In October 2008, OCLC plans to release the NetLibrary Media Center, a downloadable application that patrons and libraries will use to manage and access their content.  The new Media Center will offer personalization features and advanced search and browse capabilities.

“We are excited about the broad range of patron-friendly content which we will be able to offer libraries,” said Matt Walker, Recorded Books Vice President, Sales and Marketing.  “Our customers will benefit greatly from the partnership created by Recorded Books’ commitment to quality audio books and OCLC’s commitment to excellence in its digital products.”

Together, OCLC and Recorded Books provide eAudiobooks to more than 500 libraries and 16 library groups.

For more information about Recorded Books eAudiobooks from OCLC, send e-mail to libservices@oclc.org or customerservice@recordedbooks.com.

About OCLC

Founded in 1967 and headquartered in Dublin, Ohio, OCLC is a nonprofit library service and research organization that has provided computer-based cataloging, reference, resource sharing, eContent, preservation, library management and Web services to 60,450 libraries in 112 countries and territories.  OCLC and its member libraries worldwide have created and maintain WorldCat, the world’s richest online resource for finding library materials.  For more information, visit www.oclc.org.

OCLC NetLibrary provides content and technical delivery solutions to institutional libraries, corporations and government agencies that facilitate the purchase, management and distribution of research, reference, digital learning and general interest content via Web-based technologies.  NetLibrary’s eContent solution is the most broadly adopted in the market, making more than 170,000 eBooks, 6,000 eJournals, 7,500 eAudiobooks, and 83 databases available through more than 16,000 libraries worldwide. For more information, visit www.oclc.org/netlibrary/.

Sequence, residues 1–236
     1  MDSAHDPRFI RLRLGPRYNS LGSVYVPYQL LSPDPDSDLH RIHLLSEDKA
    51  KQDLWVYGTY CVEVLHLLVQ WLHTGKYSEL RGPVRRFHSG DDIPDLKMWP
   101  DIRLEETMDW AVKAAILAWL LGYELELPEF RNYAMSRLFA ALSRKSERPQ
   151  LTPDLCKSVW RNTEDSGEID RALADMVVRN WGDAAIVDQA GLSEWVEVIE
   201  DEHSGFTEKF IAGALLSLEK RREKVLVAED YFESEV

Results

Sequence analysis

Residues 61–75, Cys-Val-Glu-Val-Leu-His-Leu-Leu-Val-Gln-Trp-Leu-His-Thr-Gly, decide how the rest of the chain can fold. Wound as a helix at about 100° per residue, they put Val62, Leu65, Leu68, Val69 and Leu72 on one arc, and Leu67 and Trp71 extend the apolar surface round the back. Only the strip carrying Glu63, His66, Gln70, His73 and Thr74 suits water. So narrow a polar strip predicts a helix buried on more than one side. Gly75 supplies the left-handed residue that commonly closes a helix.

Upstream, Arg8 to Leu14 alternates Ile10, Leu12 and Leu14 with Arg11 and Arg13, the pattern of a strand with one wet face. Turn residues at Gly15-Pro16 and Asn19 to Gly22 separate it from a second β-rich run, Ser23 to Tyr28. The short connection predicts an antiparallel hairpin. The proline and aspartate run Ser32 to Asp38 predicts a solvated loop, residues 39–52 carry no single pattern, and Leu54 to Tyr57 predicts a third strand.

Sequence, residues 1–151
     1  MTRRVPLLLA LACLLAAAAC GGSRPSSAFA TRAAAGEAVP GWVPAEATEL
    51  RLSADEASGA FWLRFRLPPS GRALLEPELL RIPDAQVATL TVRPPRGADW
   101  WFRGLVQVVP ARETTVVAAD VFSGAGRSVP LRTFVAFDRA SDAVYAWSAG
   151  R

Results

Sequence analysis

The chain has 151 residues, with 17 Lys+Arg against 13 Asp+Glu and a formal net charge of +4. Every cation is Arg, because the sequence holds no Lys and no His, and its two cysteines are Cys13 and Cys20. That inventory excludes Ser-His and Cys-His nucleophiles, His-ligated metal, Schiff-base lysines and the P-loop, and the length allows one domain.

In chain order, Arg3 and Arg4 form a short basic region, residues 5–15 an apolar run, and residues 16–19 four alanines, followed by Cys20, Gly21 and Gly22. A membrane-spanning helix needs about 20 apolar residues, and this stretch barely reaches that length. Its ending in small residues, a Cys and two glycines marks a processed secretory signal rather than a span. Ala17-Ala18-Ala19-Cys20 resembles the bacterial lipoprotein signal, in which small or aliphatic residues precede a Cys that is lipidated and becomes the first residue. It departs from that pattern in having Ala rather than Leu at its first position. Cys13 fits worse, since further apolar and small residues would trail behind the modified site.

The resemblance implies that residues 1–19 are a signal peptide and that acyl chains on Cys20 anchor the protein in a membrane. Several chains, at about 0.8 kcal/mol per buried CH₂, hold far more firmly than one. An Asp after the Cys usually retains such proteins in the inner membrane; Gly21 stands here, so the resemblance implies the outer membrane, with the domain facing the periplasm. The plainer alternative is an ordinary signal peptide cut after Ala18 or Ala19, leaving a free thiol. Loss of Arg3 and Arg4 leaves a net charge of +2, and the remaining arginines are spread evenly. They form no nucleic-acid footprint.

About Recorded Books

Recorded Books, a Haights Cross Communications company, produces and distributes unabridged audiobooks and other audio products to public and university libraries and schools, in cassette, CD, and downloadable formats.  Over 7,000 titles are available for adults, children, and young adults in English and Spanish languages narrated by professional, award-winning actors.  Recorded Books also distributes music, educational lectures, independent films, and nonfiction films on DVD.  Packaging is designed for high circulation. One-year warranty, cataloging, processing, and free MARC records are available.  For more information, visit www.recordedbooks.com.

Charleston Program to feature plenty on eBooks

Anyone interested in eBooks should take a look at the Charleston Conference program, November 5 – 8th.  There are a plethora of sessions including:

Ebook use among a group of large academic libraries
To Supersede or Supplement? Profiling E-book aggregator collections
eBook Intelligence: The 8th Annual Health Sciences Lively Lunch
E-Books – How are they different/how are they the same as online journals?
Expanding the Ebooks Buying Experience: Approval Plans
Patron-driven Purchasing in Ebooks
Top Ten Things to unlearn about eBooks
Integrating Print and Digital Reference Resources
Student’s Perception of E-books: Survey Results and Discussion
electronic books into a UK University Library collection
The E-book Challenge: From Start to Finish, and Beyond
Bouncing, Viewing and Power Browsing: Understanding How Students REALLY Use Your E-books
Identifying and describing e-books: challenges facing publishers, librarians and their partners

I’m very excited to attend many of these sessions, particularly the one on patron driven purchasing – a great new business model offered by some aggregators.  EBL and NetLibrary are the two that come to mind.

Please excuse my personal plug here, but if you have an opinion on patron driven purchasing, stop by the Lively Lunch session Friday at Charleston.  Alice Crosetto (Univ. of Toledo) and I will debate traditional collection development with patron driven purchasing.  We may even have Michelle Harper from NetLibrary with us to describe this biz model better.  Friday – 12:50 – 2:00 “Tossing Traditional Collection Development Practices for Patron Initiated Purchasing:  A Debate.” Embassy Suites